That policy commitment, if it is serious, should make cryptocurrency enthusiasts nervous. Bitcoin specifically was meant to provide an alternative to the banking industry, but the infrastructure of wallets in many ways resembles banks. And Facebook, by presenting Libra as a potential alternative to banking, made this very obvious. (Facebook, for what it’s worth, has denied that Libra will operate as a bank.) If every provider of a cryptocurrency wallet or trading platform is suddenly regulated as a bank, friends, we are looking at chaos. I have been intermittently doing the Joker clapfor hours.
Not to be outdone, the SEC has waded in. Remember the plan to peg Libra to a basket of relatively stable assets — “low-volatility assets, including bank deposits and government securities” in several currencies? The SEC is wondering if that makes Libra an exchange-traded fund, The Wall Street Journal reports. If so, Libra doesn’t launch without their say-so. And if the US doesn’t allow Libra, will it launch anywhere else? Facebook won’t say.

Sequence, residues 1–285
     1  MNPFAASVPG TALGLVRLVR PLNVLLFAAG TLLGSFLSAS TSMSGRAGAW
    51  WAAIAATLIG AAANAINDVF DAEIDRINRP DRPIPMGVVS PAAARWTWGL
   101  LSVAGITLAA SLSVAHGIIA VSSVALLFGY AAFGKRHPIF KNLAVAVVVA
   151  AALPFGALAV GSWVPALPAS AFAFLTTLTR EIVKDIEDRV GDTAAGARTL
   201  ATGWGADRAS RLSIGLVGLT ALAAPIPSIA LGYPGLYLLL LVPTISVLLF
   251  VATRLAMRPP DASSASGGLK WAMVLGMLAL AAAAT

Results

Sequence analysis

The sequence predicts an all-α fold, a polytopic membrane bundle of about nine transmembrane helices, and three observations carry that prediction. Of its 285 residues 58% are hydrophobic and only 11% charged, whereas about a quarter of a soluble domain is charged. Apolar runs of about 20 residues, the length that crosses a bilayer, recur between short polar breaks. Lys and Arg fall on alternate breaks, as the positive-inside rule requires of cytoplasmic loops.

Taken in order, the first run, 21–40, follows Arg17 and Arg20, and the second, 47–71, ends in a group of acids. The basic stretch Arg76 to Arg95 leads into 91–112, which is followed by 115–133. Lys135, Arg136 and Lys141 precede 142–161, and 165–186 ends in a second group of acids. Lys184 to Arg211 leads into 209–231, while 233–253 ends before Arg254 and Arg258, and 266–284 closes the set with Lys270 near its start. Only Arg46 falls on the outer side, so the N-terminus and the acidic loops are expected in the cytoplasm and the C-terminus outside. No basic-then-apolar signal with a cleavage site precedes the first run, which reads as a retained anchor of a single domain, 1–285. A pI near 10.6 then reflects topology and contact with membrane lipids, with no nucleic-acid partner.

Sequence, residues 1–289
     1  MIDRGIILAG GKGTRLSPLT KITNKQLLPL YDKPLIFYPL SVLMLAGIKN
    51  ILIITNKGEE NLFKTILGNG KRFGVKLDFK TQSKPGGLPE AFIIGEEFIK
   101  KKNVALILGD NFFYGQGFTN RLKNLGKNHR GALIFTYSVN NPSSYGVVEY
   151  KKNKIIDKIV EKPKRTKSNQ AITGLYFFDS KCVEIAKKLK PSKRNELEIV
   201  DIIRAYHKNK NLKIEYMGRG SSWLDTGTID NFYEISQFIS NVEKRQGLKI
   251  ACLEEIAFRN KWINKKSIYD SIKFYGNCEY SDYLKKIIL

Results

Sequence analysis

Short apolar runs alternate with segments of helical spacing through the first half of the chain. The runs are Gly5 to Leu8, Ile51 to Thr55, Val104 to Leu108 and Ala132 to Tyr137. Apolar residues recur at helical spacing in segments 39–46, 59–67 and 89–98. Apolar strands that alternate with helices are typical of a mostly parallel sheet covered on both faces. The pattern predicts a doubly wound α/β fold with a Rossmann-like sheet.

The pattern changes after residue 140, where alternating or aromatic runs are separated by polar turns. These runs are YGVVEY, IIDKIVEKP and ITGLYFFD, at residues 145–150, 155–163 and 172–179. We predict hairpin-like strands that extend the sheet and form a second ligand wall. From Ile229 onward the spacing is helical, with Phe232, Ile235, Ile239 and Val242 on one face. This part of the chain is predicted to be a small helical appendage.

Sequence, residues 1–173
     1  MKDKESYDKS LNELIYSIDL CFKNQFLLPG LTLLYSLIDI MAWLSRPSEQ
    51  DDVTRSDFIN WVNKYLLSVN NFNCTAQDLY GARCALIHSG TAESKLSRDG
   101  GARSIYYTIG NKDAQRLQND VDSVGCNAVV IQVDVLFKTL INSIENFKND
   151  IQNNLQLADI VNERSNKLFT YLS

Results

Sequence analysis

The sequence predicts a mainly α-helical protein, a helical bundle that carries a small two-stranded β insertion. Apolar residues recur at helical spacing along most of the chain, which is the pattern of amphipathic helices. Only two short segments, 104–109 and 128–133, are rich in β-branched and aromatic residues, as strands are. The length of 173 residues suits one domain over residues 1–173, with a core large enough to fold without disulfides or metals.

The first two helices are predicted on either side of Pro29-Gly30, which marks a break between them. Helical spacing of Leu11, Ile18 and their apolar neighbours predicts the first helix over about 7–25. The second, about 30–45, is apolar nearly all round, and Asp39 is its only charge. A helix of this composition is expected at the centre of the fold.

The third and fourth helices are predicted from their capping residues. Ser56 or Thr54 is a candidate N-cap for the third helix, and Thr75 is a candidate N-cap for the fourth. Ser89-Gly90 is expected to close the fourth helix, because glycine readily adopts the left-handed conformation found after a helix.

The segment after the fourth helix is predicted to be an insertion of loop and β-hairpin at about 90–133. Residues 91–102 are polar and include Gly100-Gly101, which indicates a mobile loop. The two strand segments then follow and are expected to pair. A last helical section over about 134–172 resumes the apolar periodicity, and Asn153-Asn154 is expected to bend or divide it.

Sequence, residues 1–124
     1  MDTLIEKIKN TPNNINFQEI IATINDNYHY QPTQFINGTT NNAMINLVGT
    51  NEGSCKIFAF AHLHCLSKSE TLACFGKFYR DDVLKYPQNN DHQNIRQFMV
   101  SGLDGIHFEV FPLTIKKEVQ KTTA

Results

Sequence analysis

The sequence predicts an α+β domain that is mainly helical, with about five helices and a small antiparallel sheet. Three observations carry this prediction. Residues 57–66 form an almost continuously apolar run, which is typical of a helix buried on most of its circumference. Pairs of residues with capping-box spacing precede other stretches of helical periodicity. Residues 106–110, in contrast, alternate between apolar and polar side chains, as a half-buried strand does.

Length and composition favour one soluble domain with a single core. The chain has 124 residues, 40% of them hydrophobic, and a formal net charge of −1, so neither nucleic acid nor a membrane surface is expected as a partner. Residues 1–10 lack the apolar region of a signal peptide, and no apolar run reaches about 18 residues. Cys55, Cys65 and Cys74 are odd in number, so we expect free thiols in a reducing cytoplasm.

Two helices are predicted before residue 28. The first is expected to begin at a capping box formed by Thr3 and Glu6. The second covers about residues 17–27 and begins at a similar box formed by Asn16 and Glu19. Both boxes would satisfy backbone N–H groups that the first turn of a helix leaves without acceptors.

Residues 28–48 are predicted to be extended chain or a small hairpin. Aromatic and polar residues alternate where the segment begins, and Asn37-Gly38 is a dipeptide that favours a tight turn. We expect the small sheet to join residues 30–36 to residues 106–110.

All this regulatory talk is especially hilarious if you remember cryptocurrency’s original culture and political commitments. The ideology of bitcoin (and pretty much all cryptocurrency, even the maybe-not-actually-cryptocurrency Libra) is that it is money for people who hate the government, especially government regulation. Trump’s followers from 2016 weren’t just rank-and-file Republicans. Trump excited the far right, the people who hate the government the most. These same people are the ones who tend to gravitate toward bitcoin, a notoriously bad payment system that has finally grown toward being essentially the purest uncut financial speculation money can buy